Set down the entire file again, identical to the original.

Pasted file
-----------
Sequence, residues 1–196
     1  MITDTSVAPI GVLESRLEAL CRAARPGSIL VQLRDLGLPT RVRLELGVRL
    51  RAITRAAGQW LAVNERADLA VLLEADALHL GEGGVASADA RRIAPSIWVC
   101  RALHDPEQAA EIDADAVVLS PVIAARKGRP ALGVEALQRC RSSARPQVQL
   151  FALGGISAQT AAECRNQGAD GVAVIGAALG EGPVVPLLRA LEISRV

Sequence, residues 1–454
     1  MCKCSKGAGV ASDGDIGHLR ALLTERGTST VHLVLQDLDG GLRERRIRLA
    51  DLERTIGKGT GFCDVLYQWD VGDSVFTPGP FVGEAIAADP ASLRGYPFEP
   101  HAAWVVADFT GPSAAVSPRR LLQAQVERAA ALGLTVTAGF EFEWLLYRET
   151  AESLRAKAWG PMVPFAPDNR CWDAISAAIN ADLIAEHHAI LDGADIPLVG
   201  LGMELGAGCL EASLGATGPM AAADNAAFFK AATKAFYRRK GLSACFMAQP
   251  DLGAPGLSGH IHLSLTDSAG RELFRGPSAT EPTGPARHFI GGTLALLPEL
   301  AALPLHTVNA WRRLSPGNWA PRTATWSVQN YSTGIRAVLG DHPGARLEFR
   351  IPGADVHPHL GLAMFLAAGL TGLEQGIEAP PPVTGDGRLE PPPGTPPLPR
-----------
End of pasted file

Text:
Sequence, residues 1–196
     1  MITDTSVAPI GVLESRLEAL CRAARPGSIL VQLRDLGLPT RVRLELGVRL
    51  RAITRAAGQW LAVNERADLA VLLEADALHL GEGGVASADA RRIAPSIWVC
   101  RALHDPEQAA EIDADAVVLS PVIAARKGRP ALGVEALQRC RSSARPQVQL
   151  FALGGISAQT AAECRNQGAD GVAVIGAALG EGPVVPLLRA LEISRV

Sequence, residues 1–454
     1  MCKCSKGAGV ASDGDIGHLR ALLTERGTST VHLVLQDLDG GLRERRIRLA
    51  DLERTIGKGT GFCDVLYQWD VGDSVFTPGP FVGEAIAADP ASLRGYPFEP
   101  HAAWVVADFT GPSAAVSPRR LLQAQVERAA ALGLTVTAGF EFEWLLYRET
   151  AESLRAKAWG PMVPFAPDNR CWDAISAAIN ADLIAEHHAI LDGADIPLVG
   201  LGMELGAGCL EASLGATGPM AAADNAAFFK AATKAFYRRK GLSACFMAQP
   251  DLGAPGLSGH IHLSLTDSAG RELFRGPSAT EPTGPARHFI GGTLALLPEL
   301  AALPLHTVNA WRRLSPGNWA PRTATWSVQN YSTGIRAVLG DHPGARLEFR
   351  IPGADVHPHL GLAMFLAAGL TGLEQGIEAP PPVTGDGRLE PPPGTPPLPR